Jacquemus started his own label when he was 19. Credited with bringing a freshness to Paris’ fashion scene, his collections are deconstructed, surrealist and often ‘NSFW’. The designer takes archetypal French concepts like the Breton stripe and spins them on their head, working in the space between commercial and conceptual. His playful approach to pushing the boundaries of French fashion has earned him two nominations for the LVMH Prize.
Beginning his fashion career in Paris’ Commes des Garçons boutique, Jacquemus has often expressed the Japanese brand’s influence on his work. “It encouraged me,” he told The Cut. “Being there for two years made me stronger, in the sense that it helped me know what I really wanted. There’s a radicalism to Rei Kawakubo . It’s a certain form… of not humour, but lightness.” He has since gained support from the likes the founders Adrian Joffe and Rei Kawakubo.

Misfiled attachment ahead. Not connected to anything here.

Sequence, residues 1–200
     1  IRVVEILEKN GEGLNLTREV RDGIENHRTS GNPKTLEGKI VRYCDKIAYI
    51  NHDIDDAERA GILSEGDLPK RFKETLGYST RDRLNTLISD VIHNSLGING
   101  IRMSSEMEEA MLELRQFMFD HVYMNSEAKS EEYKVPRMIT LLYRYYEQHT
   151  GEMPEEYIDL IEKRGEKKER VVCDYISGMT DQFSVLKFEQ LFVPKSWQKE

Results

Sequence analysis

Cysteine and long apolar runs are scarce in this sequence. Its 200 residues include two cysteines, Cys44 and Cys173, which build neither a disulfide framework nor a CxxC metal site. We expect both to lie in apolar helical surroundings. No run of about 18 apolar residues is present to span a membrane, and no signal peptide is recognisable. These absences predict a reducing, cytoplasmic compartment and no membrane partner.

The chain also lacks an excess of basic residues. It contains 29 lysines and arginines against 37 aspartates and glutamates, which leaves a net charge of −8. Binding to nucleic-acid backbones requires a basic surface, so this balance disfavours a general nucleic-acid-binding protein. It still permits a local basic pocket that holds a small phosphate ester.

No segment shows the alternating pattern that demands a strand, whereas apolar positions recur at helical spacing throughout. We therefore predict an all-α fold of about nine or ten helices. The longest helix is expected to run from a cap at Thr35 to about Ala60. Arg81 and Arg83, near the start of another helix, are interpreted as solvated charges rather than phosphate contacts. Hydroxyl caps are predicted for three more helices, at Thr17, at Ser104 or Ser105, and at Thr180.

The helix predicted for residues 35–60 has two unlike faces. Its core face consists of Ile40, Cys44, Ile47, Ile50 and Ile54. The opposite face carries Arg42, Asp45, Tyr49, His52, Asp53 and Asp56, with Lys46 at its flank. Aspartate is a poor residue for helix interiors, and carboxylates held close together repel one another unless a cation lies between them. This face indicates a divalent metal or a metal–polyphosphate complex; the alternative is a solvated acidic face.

Jacquemus moved to Paris when he was 18 and enrolled in fashion school for a couple of months. After the passing of his mother he launched his label in 2009 under her maiden name, Jacquemus. The up and coming designer now has his own studio off the Place des Vosges in Le Marais.
His collections have a child-like spirit and sense of freedom, often featuring asymmetrical designs, oversized ‘stiff’ silhouettes, experimental make up and shoeless or topless models. Fashion critic Susanna Lau has declared they “seem like an unstuffy bit of fresh air [in the Paris fashion schedule]”.
Jacquemus has a strong social media presence, helped by playful presentation of his images on Instagram. In this vein he published a photography book in tandem with the Spring/Summer 2014 collection - ‘La Grande Motte’ – a reference to the Languedoc-Roussilon’s seaside resort and his experiences there as a child.